Example 2: Several weeks ago I was kneeling in a closet looking for something and felt a sharp pain under the side of my knee; it felt like I was kneeling on something hard. I brushed away at the surface under my knee, but didn’t find anything. Eventually I realized that what I had felt was my knee itself, just in this one place. So I googled “sharp pain outer side knee when kneeling” and found lots of people reporting the same symptoms. One person’s doctor suggested that he try to not kneel on it! I will mention it to my doc the next time I’m there, but the online info gave me a good idea of what it could be and left me reassured that it’s not life-threatening. Meanwhile, I try not to kneel on that knee. Pretty simple advice, but it’s working.
Example 3: I had to do lots of googling a few years ago when the ball of my left foot became painful whenever I ran for more than 8 miles. At that time I really had to dig. Eventually, after trying lots of solutions, I found a post from another runner who had tried something that worked for him, and lo and behold, those little blue Foot Smart gel pads also worked for me (in posts Fussy feet, happy feet and Here an orthotic, there an orthotic). Changed my life. During that particular quest, it became clear that there were lots of runners out there who were looking for answers. The online world has given us a chance to help each other by sharing our own experiences and solutions.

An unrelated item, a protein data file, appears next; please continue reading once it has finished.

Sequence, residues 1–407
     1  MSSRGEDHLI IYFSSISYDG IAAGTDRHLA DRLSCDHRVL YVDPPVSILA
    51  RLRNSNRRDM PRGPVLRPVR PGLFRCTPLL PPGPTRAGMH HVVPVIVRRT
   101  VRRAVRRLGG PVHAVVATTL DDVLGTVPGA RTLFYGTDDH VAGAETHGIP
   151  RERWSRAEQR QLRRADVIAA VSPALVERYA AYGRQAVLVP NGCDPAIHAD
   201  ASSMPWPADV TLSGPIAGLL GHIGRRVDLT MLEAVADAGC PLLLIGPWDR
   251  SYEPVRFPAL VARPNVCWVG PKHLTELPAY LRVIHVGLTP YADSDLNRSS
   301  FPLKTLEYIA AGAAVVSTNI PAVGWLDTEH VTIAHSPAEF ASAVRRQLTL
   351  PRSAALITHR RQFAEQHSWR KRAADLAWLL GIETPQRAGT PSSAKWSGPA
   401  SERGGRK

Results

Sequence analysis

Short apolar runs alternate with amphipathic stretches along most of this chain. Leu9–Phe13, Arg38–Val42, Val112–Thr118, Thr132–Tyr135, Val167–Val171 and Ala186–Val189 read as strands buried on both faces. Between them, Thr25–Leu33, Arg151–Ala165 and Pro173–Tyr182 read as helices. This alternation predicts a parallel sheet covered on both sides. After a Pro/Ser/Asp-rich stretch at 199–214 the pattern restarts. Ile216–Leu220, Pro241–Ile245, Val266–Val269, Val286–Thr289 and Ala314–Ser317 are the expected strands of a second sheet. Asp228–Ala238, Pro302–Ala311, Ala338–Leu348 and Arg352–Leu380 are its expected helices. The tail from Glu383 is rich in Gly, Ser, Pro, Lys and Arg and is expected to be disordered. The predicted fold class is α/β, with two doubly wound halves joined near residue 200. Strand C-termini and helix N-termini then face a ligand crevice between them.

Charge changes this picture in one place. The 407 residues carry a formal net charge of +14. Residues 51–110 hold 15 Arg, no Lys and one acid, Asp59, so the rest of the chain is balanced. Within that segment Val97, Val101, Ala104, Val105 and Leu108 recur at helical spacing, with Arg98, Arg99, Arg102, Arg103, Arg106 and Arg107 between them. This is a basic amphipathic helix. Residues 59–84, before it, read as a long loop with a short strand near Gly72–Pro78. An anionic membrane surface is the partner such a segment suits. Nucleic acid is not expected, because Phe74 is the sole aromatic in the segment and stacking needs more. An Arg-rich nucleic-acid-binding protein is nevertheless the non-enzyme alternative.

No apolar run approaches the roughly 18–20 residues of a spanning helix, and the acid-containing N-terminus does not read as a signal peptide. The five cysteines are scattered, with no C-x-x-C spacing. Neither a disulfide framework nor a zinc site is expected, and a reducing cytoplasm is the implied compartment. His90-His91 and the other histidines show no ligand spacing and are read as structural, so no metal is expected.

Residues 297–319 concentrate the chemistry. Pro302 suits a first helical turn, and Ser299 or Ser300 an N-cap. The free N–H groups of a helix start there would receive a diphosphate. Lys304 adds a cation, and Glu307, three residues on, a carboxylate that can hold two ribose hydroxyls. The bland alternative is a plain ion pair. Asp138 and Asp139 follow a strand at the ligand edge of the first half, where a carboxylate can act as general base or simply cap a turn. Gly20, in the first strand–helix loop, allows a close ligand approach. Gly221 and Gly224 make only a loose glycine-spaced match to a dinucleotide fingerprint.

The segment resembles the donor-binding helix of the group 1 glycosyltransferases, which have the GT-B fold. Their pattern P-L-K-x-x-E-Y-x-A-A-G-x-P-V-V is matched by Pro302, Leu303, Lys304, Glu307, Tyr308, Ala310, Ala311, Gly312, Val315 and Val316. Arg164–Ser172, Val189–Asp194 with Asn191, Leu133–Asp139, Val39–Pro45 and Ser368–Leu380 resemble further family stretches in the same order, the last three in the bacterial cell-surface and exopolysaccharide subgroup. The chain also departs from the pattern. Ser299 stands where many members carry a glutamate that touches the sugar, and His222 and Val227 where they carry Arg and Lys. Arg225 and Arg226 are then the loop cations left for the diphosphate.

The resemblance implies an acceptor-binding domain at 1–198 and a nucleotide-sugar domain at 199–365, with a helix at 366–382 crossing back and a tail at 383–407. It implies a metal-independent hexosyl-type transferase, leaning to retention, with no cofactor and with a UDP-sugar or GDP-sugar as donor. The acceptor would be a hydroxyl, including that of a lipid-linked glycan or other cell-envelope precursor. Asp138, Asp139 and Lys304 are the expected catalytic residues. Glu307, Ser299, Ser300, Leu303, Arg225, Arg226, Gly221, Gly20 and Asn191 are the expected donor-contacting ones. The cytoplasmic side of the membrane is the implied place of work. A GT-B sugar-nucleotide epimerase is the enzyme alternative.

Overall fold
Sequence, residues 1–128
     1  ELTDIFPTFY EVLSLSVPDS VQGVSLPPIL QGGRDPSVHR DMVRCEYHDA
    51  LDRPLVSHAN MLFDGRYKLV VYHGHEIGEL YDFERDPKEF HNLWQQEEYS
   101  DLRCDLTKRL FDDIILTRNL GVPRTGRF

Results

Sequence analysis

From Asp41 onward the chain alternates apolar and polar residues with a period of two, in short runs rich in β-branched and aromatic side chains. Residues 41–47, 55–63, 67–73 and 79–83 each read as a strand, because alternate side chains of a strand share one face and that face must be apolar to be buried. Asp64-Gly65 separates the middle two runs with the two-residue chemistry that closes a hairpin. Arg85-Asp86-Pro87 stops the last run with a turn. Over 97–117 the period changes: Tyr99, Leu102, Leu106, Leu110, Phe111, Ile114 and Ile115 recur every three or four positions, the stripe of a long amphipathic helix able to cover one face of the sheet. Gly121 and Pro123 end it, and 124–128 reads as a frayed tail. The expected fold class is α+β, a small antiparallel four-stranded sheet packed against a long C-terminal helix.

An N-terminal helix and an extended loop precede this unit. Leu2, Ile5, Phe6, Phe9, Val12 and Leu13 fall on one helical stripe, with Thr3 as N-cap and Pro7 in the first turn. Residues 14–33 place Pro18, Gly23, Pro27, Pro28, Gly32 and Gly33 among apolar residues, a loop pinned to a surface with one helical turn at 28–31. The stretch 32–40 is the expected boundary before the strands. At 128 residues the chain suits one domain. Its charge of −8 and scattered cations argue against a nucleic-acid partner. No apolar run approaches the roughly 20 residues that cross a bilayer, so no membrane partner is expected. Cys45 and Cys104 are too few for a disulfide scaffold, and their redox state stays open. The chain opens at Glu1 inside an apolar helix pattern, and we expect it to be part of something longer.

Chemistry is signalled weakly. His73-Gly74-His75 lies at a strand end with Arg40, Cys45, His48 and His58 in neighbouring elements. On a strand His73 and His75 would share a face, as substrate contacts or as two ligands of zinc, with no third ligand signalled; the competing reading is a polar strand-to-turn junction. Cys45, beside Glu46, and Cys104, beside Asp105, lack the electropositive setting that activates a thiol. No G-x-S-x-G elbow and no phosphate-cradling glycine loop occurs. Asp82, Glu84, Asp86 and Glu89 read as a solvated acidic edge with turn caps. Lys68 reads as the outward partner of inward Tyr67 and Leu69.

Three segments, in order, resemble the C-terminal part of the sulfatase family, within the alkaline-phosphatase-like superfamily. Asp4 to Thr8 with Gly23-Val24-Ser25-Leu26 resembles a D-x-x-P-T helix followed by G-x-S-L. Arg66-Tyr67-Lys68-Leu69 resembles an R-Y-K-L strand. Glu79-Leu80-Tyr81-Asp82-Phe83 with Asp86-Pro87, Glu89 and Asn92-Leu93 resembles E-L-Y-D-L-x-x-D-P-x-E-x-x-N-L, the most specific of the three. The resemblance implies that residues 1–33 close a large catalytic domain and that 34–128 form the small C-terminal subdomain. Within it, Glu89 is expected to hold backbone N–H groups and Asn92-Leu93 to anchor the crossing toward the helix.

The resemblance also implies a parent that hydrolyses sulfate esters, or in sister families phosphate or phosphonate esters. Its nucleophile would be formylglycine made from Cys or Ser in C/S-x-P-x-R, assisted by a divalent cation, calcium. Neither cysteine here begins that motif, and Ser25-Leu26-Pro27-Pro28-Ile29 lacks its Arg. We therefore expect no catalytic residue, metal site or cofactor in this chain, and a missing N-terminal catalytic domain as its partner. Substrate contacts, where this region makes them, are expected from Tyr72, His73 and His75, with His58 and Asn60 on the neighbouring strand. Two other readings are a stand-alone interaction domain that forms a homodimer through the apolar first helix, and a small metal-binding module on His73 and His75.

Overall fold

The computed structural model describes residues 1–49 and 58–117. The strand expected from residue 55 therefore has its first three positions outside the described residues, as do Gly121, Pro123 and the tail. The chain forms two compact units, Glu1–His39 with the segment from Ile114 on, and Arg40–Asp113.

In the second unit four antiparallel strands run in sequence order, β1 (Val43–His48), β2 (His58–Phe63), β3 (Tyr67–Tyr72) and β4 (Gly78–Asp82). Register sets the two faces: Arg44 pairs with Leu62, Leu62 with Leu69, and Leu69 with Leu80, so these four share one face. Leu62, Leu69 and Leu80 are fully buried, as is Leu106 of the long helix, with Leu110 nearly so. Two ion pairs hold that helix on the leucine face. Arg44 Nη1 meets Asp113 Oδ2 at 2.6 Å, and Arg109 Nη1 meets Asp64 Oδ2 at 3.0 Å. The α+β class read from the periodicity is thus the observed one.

Almost every running injury is a soft tissue injury, and almost every soft tissue injury is treated by R.I.C.E. (rest, ice, compression, elevation) and ibuprofen. Initially, the R is probably the most important, as much as I hate to admit it. Having a good physiotherapist and/or massage therapist to see you through the recovery process can make a big difference. Strengthening the weaknesses that caused the problem in the first place is key once healing is underway; both your physio and your favourite online posts will have lots to say about that.
The diagnosis having been made, it’s time to concentrate on healing and slowly (too slowly) regaining running form. Each time I’ve taken this frustrating journey I’ve found it useful – and comforting – to come across fellow runners who have used cyberspace to share their own stories and hard-earned knowledge. To all those of you who have shared, thank you!
Just a few helpful posts on running injuries:
- From runquick.com: Running injuries
- From therunnerstrip.com: 5 truths about running injuries
- From Runner’s World: A pain in the rear: high hamstring tendinitis